Thursday, April 24, 2014

Merlot Wine Soap

I'm finally getting around to something that I've been meaning to try for a while now - wine soap!

Making wine soap is a lot like making beer soap, and wine and beer bring similar qualities to the bars. The natural sugars in each help to boost the lather, making it fluffy, creamy, and luxurious. Both are wonderful additives, and they add interest to a batch.

Using alcohol in soap can be tricky, though. Alcohol can cause the lye solution to bubble up like a volcano eruption. And it can make the soap seize, which will absolutely ruin a day in the soaping kitchen. (If you want to see an epic seize, check out this video to see the time I got soap-on-a-stick.)

The good news is that you can take steps to avoid volcanoes and soap seizes. The best method I know of is to bring your wine or beer to a boil on the stove top and let it simmer for about 10 minutes or so to cook out the alcohol. You'll lose some of the liquid due to evaporation, but you can either boil more than you need, or simply make up the difference with distilled water.

Boiling, measuring, and freezing the wine
For this batch, I used Recipe 1 from Amanda at Lovin' Soap. It contains olive oil, coconut oil, castor oil, cocoa butter, and rice bran oil. I replaced the water with Merlot wine (go ahead and buy the cheap stuff, you guys), which I boiled first as described. A 750 mL bottle worked perfectly for my recipe - I needed 18.24 oz. (or 518g) of liquid, and 750 mL (which is about 25.36 oz. or 719g) of simmered wine ended up being just right. If you end up with more wine than you need or you want to reserve some for later, you can portion some out and freeze the rest. Just weigh what you need and pour it into plastic freezer bags. It's helpful to write the weight on the outside of the bag for future reference.

Another thing about working with wine or beer or even milks is that the natural sugars can cause the soap to heat up quickly. Also, if your lye solution gets too hot, the sugars can scorch. To combat this problem, I froze my wine after it had been simmered and cooled. After adding my lye to the frozen wine, I stirred the lye solution in an ice bath to keep the temperature low. Overall, I soaped cooler, too. I normally soap between 100-110 degrees F, but for this batch, I combined the lye solution and the oils when the lye solution was at about 84 degrees F and the oils were at 91 degrees F. And because batches that contain wine, beer, or milk can heat up more than batches that don't, I didn't insulate my mold.

For the fragrance, I chose Bramble Berry's Bordeaux Blend, which I had bought a while back. It is perfect for a red wine-type soap. It's fruity and spicy; sweet but sophisticated.

The wine/lye solution had a bit of a brownish-green tinge, and it smelled a little funky. (Don't worry, the funky smell should disappear during the cure.) To make sure that my soap stayed a deep red Merlot color, I added a generous amount of Merlot Sparkle mica into my oils before adding the lye. (I mixed the mica with a bit of glycerin first to avoid clumping and streaking.)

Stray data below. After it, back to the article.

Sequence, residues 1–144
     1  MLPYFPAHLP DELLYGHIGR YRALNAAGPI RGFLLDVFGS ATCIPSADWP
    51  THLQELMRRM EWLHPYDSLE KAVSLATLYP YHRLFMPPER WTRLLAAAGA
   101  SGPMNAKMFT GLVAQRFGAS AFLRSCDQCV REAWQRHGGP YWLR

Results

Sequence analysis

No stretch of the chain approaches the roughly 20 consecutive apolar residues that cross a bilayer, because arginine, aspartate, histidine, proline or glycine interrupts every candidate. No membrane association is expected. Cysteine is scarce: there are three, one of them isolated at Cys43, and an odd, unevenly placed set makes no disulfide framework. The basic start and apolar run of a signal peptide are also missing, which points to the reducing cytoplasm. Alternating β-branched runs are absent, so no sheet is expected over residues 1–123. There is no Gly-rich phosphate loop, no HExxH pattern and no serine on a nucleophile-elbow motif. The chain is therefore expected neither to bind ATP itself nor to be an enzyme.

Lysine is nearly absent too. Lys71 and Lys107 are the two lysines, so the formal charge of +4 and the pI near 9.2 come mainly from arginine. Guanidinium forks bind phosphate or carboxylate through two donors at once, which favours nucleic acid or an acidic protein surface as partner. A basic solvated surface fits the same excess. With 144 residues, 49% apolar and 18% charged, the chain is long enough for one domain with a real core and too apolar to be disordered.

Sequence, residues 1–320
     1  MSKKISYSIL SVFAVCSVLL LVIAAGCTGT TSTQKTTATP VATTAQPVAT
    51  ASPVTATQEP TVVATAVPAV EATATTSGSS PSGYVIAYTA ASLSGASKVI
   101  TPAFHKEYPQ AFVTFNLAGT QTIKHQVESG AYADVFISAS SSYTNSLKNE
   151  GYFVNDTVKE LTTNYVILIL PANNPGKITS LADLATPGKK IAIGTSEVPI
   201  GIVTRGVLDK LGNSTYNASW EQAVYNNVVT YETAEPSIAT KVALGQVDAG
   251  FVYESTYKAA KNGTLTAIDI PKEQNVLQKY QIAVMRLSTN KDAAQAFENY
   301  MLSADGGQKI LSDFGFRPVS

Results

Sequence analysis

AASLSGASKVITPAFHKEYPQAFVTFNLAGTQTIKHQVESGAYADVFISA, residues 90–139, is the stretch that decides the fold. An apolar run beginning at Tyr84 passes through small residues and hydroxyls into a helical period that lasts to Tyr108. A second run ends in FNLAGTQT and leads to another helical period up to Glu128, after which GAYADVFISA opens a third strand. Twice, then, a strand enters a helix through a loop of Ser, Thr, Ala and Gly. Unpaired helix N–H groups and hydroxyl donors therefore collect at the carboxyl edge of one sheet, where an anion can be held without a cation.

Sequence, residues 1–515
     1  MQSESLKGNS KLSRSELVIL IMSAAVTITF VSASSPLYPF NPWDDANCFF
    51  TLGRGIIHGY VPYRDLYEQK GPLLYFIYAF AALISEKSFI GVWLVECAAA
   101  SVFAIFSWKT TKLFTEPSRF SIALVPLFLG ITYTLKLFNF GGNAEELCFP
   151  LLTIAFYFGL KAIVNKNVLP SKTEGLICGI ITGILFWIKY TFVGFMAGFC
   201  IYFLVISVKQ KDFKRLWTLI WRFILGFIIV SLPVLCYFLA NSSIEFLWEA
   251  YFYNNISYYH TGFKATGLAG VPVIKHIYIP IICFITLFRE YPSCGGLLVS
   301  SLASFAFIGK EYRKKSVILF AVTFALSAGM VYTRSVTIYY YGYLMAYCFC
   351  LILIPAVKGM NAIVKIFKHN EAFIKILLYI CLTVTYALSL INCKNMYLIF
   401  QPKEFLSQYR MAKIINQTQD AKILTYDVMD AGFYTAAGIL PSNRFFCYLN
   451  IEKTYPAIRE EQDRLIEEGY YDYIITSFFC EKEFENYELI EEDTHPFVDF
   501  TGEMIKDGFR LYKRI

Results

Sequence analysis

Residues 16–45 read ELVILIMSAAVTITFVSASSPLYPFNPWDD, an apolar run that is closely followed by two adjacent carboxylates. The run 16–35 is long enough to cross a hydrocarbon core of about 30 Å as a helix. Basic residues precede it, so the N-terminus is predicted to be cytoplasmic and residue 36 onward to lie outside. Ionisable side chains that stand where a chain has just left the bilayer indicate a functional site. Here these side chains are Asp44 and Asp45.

Once I added the fragrance oil and the mica to my cooled oils, I mixed in the lye solution, pouring it through a strainer just in case there was any undissolved lye. Then I stickblended the soap to a medium-thick trace.

Bramble Berry mentions that the Bordeaux Blend FO may move quickly, I would guess probably because of the cinnamon and clove notes. The soap did get thick on me, but it wasn't unmanageable at all. Besides, I was doing layers so a thicker trace worked out perfectly.

Fragrance oil and micas
You guys remember the mica oil swirl trend last year, right? I thought that it might be interesting to do mica oil swirls not just on top of the soap, but inside of the soap, too.

To make the mica oil, I mixed some Gold Sparkle mica with some olive oil. To make the swirls, I drizzled the mica oil onto the soap with a pipette. The olive oil saponifies along with the rest of the soap, leaving behind the shimmery mica.

I poured about one-third of the batter into my mold, drizzled some mica oil on top and then swirled it with a spoon, poured another third of the batter and drizzled and swirled more mica oil, and finally poured the rest of the soap batter and topped it off with more mica swirls.

I was going for crackled, wispy gold lines running horizontally through the bars. Overall, I was happy with the results, although the lines ended up being a bit more subtle than I was hoping for. So, I decided to jazz things up a bit more by stamping the soaps. To stamp the soap, I pressed my stamp into some dry mica, tapped off the excess, and then gently pressed the stamp onto the surface of the soap. It is best to stamp freshly-cut soap so that the mica will stick.

Here is a video showing how I made this batch:

I am very happy with how these turned out! The stamp adds so much drama, and the gold looks so great against the deep red. You can see the wispy mica lines faintly, which I think is nice even if I was hoping that they'd be a little more distinct. A jagged mica pencil line might have been cool, too. Or it may have been neat to drizzle the mica oil in between the layers and leave them be without swirling. The effect may not have been as widespread throughout the bars, but it may have created some dramatic mica specks.

I've already tested an end piece sliver, and these bars lather great! The bubbles are fluffy and creamy, and the soap smells spectacular. I've also got some Pinot Grigio FO in my fragrance bin, so there will probably be more wine soap in my future someday.

Have you ever made or used wine soap? Did you enjoy it?